About 34,000 new U.S. cases of oral cancer are diagnosed each year, and the numbers are rising, according to the Oral Cancer Foundation. The foundation has seen an increase in female cases of oral cancer affecting one woman to every two men. The foundation attributes the rise in diagnosis to the increase in alcohol and tobacco consumption.
Oral cancers are rising in women, with HPV sometimes being a causative factor. The importance of preventative medicine cannot be underscored. Pat Folsom, 54, was in for a routine dental exam when they discovered that the lesion in her cheek was cancerous.
“I thought surely this was a mistake. I never smoked, I never drank heavily, and I never had a family history of this. How could this be?”
However, new research suggests that HPV is linked with Oral Cancer. HPV may even be replacing tobacco as the primary cause in the spread of oral cancer. Folsom was shocked when she heard her cancer contained HPV cells.
“I said, ‘What? How is that possible?’” she exclaimed. “But doctors told me that it might have been caused by something I did, years and years ago. It could actually show up later and cause the cancer.”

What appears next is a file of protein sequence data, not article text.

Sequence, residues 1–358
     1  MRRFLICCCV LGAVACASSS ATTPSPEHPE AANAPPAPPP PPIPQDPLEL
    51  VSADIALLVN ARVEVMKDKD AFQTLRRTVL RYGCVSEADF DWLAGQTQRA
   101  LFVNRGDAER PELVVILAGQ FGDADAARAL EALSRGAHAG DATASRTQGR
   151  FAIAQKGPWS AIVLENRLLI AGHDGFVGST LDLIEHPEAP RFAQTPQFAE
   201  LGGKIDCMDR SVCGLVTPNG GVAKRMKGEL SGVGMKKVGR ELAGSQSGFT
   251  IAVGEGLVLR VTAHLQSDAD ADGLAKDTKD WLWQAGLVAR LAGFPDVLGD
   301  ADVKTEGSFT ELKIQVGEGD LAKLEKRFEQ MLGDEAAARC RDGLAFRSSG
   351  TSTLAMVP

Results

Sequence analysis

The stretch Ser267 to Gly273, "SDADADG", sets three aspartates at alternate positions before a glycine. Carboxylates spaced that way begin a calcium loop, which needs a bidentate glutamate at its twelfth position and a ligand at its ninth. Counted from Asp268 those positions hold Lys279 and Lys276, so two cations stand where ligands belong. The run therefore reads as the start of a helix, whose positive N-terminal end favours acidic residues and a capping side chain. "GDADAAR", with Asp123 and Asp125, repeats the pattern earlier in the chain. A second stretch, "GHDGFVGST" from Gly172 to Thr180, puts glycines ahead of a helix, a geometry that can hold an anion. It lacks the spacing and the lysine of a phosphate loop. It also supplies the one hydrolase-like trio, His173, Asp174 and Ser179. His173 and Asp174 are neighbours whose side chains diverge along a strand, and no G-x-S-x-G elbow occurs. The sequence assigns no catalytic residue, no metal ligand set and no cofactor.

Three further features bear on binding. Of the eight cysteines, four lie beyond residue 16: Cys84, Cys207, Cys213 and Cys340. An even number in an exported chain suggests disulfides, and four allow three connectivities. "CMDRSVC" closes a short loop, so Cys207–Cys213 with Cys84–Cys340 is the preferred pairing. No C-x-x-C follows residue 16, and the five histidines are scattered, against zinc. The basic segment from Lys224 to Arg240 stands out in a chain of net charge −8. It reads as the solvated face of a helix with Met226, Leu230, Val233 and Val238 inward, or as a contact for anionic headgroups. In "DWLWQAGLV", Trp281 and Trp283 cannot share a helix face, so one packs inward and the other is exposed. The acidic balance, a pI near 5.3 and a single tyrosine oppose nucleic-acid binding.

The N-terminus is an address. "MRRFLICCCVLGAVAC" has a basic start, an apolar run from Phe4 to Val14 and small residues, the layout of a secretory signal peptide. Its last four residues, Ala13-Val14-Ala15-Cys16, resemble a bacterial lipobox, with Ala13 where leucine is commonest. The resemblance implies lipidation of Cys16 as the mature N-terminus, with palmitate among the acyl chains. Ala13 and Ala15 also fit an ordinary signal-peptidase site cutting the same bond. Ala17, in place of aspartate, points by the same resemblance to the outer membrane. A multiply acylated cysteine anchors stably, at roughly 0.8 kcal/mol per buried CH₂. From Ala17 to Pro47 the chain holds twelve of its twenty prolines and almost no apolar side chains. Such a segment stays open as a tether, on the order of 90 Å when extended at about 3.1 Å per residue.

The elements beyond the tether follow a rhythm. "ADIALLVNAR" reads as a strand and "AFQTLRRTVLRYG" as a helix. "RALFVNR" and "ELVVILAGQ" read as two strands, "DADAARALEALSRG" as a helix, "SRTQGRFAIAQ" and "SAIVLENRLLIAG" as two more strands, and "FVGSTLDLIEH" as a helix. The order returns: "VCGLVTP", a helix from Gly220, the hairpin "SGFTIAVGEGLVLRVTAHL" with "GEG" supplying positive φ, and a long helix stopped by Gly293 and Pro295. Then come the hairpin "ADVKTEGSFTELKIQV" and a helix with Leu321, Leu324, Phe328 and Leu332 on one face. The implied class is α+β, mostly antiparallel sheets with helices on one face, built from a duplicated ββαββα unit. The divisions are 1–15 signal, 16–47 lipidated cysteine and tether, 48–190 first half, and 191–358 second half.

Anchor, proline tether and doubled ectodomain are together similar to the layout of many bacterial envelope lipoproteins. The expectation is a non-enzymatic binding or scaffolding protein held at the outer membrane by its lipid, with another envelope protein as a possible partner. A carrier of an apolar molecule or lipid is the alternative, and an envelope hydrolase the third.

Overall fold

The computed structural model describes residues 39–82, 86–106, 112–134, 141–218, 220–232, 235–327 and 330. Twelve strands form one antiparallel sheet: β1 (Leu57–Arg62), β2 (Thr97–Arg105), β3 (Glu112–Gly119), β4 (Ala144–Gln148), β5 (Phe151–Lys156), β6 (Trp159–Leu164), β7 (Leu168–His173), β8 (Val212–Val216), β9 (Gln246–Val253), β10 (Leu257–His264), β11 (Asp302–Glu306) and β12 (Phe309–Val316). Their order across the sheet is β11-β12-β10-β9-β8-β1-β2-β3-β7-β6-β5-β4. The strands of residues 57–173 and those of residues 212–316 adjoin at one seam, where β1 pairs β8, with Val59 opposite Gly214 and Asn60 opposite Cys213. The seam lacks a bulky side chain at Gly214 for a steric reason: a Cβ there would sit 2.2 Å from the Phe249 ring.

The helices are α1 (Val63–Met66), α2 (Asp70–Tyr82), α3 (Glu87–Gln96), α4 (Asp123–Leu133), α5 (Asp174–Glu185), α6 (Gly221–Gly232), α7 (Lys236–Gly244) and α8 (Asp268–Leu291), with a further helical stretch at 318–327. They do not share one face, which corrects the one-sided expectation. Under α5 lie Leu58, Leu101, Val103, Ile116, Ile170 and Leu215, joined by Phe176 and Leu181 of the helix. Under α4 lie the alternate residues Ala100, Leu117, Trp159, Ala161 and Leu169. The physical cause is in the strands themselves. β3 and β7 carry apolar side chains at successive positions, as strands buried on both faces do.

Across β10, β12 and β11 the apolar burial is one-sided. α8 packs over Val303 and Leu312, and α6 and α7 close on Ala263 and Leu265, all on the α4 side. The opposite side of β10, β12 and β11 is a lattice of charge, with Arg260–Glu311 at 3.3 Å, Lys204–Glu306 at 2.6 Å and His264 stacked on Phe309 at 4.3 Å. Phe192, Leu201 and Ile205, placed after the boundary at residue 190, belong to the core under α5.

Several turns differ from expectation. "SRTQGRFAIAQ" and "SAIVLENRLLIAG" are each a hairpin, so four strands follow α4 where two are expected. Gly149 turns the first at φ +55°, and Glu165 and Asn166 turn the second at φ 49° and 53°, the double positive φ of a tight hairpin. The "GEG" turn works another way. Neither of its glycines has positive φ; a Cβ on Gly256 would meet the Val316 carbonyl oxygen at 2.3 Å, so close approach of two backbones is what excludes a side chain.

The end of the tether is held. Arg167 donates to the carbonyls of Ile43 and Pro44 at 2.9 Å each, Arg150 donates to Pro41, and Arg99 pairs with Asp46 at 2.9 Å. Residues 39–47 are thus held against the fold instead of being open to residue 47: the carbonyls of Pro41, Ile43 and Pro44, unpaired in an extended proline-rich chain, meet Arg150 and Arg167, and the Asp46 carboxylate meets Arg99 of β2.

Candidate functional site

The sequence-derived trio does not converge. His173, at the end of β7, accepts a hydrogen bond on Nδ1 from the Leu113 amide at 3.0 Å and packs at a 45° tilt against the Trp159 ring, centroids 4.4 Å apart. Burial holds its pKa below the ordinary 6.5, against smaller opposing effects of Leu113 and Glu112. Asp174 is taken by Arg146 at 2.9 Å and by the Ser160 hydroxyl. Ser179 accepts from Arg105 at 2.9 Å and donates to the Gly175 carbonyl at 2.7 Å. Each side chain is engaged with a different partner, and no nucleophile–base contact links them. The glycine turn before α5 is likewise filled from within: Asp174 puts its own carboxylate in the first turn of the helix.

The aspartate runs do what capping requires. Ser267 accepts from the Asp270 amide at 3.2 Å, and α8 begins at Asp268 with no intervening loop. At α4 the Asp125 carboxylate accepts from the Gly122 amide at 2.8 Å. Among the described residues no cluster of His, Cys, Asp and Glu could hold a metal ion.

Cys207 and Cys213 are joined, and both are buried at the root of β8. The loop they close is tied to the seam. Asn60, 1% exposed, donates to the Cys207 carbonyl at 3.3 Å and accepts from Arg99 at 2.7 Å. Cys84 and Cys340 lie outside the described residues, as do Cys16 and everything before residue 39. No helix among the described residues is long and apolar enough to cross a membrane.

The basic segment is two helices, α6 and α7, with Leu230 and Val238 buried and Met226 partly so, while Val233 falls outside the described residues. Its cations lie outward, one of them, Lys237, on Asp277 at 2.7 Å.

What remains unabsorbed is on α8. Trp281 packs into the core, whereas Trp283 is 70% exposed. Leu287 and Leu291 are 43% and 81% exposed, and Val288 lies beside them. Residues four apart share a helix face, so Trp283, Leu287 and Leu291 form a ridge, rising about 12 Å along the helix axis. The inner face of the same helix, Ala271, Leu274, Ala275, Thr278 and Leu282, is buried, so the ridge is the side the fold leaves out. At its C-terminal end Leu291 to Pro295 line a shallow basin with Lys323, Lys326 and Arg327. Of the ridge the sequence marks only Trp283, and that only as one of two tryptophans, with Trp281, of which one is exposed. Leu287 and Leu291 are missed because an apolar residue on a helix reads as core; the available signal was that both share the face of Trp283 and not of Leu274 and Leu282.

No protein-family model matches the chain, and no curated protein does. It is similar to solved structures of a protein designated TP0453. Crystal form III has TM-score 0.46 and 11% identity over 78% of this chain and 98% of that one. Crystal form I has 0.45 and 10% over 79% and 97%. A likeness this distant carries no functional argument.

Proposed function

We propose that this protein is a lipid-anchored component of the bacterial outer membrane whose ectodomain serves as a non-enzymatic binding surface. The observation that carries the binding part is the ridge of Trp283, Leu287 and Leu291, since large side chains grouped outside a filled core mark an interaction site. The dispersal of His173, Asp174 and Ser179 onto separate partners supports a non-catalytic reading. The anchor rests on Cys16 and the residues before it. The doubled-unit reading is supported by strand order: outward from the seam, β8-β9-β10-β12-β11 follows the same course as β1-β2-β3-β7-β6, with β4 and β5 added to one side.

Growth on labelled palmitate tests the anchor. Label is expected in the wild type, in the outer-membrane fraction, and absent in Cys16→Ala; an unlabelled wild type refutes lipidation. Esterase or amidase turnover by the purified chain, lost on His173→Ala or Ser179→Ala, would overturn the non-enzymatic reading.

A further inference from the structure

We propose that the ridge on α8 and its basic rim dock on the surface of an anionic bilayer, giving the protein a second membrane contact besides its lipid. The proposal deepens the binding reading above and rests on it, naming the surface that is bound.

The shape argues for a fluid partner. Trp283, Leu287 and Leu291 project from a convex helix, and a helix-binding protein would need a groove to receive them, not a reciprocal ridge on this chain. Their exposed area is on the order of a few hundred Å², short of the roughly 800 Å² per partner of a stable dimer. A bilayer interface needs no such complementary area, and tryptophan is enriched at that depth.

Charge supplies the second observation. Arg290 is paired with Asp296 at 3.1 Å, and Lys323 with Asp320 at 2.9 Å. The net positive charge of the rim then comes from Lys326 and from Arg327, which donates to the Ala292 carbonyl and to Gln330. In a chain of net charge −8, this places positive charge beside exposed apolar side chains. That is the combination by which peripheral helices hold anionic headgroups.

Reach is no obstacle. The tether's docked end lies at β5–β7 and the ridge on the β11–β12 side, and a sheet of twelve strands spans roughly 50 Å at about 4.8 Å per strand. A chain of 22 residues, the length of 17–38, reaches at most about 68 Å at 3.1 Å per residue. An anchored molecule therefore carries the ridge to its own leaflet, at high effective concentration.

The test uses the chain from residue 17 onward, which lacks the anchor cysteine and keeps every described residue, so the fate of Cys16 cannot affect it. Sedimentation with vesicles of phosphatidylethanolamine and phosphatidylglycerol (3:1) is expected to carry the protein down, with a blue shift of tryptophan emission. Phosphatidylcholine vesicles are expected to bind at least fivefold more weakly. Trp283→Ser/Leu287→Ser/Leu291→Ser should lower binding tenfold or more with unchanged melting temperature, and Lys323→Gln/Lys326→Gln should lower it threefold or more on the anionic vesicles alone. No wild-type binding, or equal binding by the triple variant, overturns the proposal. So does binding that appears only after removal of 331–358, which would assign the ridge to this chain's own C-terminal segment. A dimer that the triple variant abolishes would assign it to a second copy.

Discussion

“HPV causes irregular cells to multiply, the virus thrives in a moist, dark environment,” explains Dr. Tal Morr. Prosthodontists specialize in tooth replacement, jaw restructuring, disease and injuries to the mouth. “The mouth is a perfect place for it to grow.” The virus can be transferred through oral sex causing lesions. Many of those lesions can become cancerous. “It’s something we are very much aware of and look for, especially in women,” he said.
The kind of chronic HPV 16 infection that leads to oral cancer occurs much farther down, near the base of the tongue. Adding to the difficulty, the infection is often “deep down in the crypts of the tonsils,” said Dr. Eric J. Moore, a Mayo Clinic surgeon specializing in such cancers.
Oral cancer has an 80 to 90 percent survival rate when detected early. Dentists check for oral cancer by examining the larynx, tonsils, the cheeks, and the tongue for possible lesions, says the American Dental Association.
“If I tell you that you have HPV in your mouth, it’s not going to help you if I don’t have anything to offer you, and you’re going to live with the anxiety and fear that you might get cancer,” said Dr. Robert I. Haddad, chief of head and neck cancer at the Dana-Farber Cancer Institute in Boston.
Folsom’s oral cancer treatment was successful, however she had to undergo rehab to help her chew and open her mouth wider. She also needed treatment after she broke her collarbone because her bones had become so brittle. “It just snapped one day,” she said with a shrug. “That’s part of the side effects from the radiation. It affects your bones.”
8 Step Oral Cancer Screening